From: Glenn Petersen7/15/2017 9:49:04 AM
2 Recommendations   of 1630
Did Netflix Cash In On Its ‘Strongest Content Quarter Ever’?

The streaming video company had several hit shows, and analysts think that helped it woo more subscribers.

By Emily Bary
July 14, 2017 1:01 p.m. ET

Wall Street thinks there are multiple reasons why Netflix is likely to announce considerable growth in its U.S. subscriber base when it reports quarterly earnings Monday. High-school drama 13 Reasons Why is probably the biggest, but it isn’t the only one.

The show, which premiered March 31, generated especially strong social-media buzz and search traffic. “We expect Netflix to call out 13 Reasons Why,” Doug Anmuth wrote this week, since it performed better in Google Trends than several other popular Netflix titles.

While the spring quarter tends to be a relatively slow one for Netflix, investors are encouraged by the fact that the company released new seasons of hit shows Orange is the New Black and House of Cards during the period. Anmuth thinks this was “perhaps Netflix’s strongest content quarter ever.”

The question, however, is how many subscribers actually sign up for Netflix just to watch new seasons of shows that have been out for five years and are arguably past their prime. Enthusiasm for Orange is the New Black and House of Cards has cooled, Jefferies analyst John Janedis recently noted.

Nonetheless, Wall Street has high hopes for Netflix, projecting that the company added 631,000 net subscribers in the U.S. during the quarter, according to FactSet. The company only added 162,000 a year ago.

On the international side, investors are encouraged by growth prospects in Europe and Latin America. Wall Street estimates that the company added 2.6 million net members overseas, up 70% from a year prior. In general, Netflix shares tend to rise and fall based on the company’s ability to add new subscribers.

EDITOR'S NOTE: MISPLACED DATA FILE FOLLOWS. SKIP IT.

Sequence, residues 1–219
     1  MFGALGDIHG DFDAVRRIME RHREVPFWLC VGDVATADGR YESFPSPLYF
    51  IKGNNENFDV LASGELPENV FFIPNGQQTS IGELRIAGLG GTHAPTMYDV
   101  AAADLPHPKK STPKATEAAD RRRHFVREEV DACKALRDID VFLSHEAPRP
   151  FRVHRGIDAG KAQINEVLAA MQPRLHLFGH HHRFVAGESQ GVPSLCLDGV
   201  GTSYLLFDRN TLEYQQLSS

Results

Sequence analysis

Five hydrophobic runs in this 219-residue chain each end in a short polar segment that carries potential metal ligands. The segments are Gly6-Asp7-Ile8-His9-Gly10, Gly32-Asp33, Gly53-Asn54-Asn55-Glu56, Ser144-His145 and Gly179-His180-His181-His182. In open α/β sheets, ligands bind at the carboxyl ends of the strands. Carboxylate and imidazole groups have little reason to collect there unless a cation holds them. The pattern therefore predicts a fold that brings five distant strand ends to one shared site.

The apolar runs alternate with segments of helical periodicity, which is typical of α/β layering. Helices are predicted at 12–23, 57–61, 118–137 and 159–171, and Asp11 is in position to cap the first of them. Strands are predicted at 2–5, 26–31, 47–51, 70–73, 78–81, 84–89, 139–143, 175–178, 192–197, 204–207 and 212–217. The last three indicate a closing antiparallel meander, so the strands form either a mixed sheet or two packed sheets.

Overall, analysts are calling for $2.7 billion in revenue and 16 cents a share in earnings.

Big Picture: Investors are betting that Netflix’s second-quarter content slate drove a heavy volume of subscriber additions.

Share RecommendKeepReplyMark as Last ReadRead Replies (1)

To: Glenn Petersen who wrote (1563)7/15/2017 9:58:41 AM
From: Glenn Petersen
   of 1630
Netflix’s DIY Strategy Should Pay Off Overseas

The company is increasingly self-producing shows and movies, which will allow it to offer more titles in more markets.

By Emily Bary
July 13, 2017 12:24 p.m. ET

Netflix is spending a lot of money on content, and investors aren’t quite sure whether that’s a liability or a competitive advantage. On one hand, Netflix is burning cash quickly, but on the other, the company is trying to make a big push into new markets and needs more titles to succeed there.

On Thursday, Morgan Stanley Benjamin Swinburne raised his price target on Netflix shares to $185, based partly on his belief that Netflix is making smart choices about programming rights, which could yield strong results internationally. His price target implies a 16% premium to today’s level.